The idea of using gratitude as an assessment of citizenship is interesting but hardly novel. While residents of Potong Pasir and Hougang carry Singapore passports and serve National Service, are they being punished for not being grateful enough?

"Nonetheless, i guess some Singaporeans prefer washing dishes and being addressed as terrorists and gooks"

That is an interesting stereotype of Singapore diaspora. Is there any evidence for such a claim? It is not unheard of that immigrants are treated unfairly. But terrorists and gooks? How many of the young, and well-educated go abroad to wash dishes when they can do so in Singapore? How odd.


My my. Are MSM fora apologists joining the blogosphere?

4:51 AM  
Anonymous Anonymous said...

Excellent piece of writing:)

Anonymous 4:51 AM
Agreed with you. I've lived here in Southern California for over 20 years & know several Singaporeans (male & female) who are doing very well here in the US. They are all professionals, middle to upper middle income or in some cases very upper income.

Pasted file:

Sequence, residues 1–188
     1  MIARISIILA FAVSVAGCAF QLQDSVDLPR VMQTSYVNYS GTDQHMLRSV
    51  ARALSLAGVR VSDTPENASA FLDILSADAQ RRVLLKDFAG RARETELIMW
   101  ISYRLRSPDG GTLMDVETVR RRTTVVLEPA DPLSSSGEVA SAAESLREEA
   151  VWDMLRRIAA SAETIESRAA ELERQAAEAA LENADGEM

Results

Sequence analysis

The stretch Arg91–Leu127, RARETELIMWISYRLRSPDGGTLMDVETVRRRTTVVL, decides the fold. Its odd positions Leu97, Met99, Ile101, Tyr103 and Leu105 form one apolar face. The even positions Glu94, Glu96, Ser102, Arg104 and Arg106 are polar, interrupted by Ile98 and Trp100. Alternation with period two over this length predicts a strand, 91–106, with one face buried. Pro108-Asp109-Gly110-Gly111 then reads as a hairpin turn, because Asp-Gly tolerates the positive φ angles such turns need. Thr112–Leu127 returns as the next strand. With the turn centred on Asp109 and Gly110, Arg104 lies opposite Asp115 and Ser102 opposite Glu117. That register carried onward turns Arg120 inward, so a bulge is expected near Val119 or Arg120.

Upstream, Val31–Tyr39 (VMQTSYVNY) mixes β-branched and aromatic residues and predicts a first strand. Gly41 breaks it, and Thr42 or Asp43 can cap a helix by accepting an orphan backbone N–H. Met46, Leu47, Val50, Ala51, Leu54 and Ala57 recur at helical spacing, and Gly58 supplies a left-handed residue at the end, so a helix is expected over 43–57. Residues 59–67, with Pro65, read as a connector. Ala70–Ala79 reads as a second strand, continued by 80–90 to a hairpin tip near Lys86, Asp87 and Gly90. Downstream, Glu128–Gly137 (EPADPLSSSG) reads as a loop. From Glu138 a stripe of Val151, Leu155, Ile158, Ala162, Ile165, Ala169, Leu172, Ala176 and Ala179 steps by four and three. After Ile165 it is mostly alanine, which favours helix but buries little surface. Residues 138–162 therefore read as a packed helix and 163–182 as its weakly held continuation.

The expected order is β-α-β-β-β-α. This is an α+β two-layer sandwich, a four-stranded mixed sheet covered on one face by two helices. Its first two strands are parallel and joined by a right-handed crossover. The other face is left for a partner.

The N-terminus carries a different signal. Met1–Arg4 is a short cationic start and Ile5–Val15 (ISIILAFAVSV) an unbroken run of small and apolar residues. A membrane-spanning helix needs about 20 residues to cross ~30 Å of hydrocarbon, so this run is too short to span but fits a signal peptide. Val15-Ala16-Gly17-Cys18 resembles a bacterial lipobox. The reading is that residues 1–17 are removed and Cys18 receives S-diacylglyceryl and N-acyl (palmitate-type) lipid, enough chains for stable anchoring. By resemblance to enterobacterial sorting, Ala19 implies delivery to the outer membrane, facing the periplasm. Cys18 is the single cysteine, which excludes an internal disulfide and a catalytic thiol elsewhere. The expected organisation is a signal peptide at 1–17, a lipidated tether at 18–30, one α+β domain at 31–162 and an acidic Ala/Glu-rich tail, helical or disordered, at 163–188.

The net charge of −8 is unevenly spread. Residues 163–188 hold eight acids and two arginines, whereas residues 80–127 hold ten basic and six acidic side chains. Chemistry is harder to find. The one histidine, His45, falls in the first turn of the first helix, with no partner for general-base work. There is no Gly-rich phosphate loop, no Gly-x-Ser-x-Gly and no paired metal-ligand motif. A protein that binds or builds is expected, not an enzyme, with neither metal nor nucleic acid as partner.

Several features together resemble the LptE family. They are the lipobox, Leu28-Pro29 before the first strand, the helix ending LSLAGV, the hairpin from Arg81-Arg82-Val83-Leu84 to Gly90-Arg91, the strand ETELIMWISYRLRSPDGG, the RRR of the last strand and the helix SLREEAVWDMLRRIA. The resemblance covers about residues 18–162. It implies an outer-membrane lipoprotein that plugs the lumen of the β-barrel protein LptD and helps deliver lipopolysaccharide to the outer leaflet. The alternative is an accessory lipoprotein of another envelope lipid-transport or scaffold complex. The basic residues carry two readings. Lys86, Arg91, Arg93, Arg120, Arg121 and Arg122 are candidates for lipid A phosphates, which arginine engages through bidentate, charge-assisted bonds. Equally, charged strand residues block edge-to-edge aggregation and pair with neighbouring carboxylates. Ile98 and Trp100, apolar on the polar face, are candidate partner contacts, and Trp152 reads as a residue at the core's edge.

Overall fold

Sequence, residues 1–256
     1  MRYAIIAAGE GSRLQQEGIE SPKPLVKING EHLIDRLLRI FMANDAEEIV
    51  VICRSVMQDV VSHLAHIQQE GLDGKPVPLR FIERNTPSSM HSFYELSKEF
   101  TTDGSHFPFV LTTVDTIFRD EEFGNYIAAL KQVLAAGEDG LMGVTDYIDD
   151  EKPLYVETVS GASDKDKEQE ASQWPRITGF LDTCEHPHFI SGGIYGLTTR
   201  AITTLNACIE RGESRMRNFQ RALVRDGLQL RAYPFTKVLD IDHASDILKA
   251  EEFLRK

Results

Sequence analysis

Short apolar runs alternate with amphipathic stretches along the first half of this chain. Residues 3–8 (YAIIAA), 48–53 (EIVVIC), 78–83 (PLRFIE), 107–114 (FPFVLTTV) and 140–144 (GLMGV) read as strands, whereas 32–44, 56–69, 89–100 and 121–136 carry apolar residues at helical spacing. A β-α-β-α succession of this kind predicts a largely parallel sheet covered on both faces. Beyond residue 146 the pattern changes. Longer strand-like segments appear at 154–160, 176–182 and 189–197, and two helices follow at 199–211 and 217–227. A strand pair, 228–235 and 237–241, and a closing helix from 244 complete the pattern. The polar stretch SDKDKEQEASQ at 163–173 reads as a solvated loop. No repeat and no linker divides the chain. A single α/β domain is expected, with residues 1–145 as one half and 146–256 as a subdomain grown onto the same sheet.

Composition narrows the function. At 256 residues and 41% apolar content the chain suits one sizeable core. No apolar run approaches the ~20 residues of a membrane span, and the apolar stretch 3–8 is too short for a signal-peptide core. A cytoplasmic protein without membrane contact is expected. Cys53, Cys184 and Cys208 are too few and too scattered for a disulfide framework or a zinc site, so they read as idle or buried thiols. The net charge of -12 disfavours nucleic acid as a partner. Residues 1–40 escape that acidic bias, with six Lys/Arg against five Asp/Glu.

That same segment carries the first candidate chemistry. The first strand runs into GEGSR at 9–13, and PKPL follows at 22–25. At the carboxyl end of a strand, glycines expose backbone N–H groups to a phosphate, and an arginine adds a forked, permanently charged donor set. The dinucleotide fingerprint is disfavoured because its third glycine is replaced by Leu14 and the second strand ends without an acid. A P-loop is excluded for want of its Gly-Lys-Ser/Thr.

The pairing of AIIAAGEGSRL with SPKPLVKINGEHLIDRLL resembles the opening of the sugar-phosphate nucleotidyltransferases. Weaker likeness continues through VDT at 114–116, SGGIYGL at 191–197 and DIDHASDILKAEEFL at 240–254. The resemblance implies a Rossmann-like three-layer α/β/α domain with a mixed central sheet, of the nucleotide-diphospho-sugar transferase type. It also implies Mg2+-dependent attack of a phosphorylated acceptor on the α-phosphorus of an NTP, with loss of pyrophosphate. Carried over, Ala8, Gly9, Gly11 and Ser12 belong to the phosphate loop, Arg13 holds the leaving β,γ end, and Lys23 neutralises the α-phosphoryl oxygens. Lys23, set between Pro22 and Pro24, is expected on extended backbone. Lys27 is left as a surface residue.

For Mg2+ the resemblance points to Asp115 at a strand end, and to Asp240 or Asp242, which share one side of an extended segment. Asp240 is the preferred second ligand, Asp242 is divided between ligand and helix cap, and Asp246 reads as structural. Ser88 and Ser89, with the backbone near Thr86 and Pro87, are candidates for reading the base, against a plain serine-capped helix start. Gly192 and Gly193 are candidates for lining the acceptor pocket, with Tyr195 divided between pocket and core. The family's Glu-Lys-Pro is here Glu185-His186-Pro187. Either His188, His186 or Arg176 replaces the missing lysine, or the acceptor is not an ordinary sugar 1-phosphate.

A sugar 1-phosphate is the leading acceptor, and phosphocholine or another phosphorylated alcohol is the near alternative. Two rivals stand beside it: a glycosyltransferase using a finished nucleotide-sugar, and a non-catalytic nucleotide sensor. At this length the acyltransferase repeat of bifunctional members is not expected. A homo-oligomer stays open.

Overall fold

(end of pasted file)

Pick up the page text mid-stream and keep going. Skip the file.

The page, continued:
This generalization of scary and terrible conditions outside of Singapore just goes to show the ignorance, the brainwashing, and lack of imagination of some people. Or could be the reason why some people cannot make it elsewhere unless they are in a nanny environment.

10:20 AM  
Blogger xenoboysg said...

Cobalt : Yes, I too sincerely wish you will have success and outwit the GLCs ... Sometimes I just wish the State is kinder to Singaporeans like yourself because you're the one that is making the sacrifices.

Anon 2.13 : Your words disrespect yourself. Your words represent a form of colonialism of the unkind type. I have only one response to your point on those who are dying "to swim" here. It is wrong. In my work with many of the less privileged citizens of neighbouring countries, they are happy because there is an absence of Govt in their lives. Because of this absence, they paradoxically lead fuller lives. For the professionals in these countries, they are not dying to swim here, they tell me often : "Sg is too expensive". They would rather lead fuller lives where they are. No one is dying to swim here to live. Some are dying to come to Sg because it is only one step of their greater journey and objectives.

12:08 PM  
Anonymous spawniuscroakius said...